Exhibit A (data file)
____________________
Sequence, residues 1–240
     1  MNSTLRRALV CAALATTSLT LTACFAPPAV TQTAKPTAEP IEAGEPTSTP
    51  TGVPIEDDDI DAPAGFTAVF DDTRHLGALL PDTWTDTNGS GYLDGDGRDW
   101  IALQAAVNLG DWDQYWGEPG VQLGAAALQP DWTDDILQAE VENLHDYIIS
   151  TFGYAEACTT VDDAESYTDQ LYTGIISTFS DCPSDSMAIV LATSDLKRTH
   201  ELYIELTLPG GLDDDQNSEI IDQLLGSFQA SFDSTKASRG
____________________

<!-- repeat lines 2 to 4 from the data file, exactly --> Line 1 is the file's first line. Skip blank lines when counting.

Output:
     1  MNSTLRRALV CAALATTSLT LTACFAPPAV TQTAKPTAEP IEAGEPTSTP
    51  TGVPIEDDDI DAPAGFTAVF DDTRHLGALL PDTWTDTNGS GYLDGDGRDW
   101  IALQAAVNLG DWDQYWGEPG VQLGAAALQP DWTDDILQAE VENLHDYIIS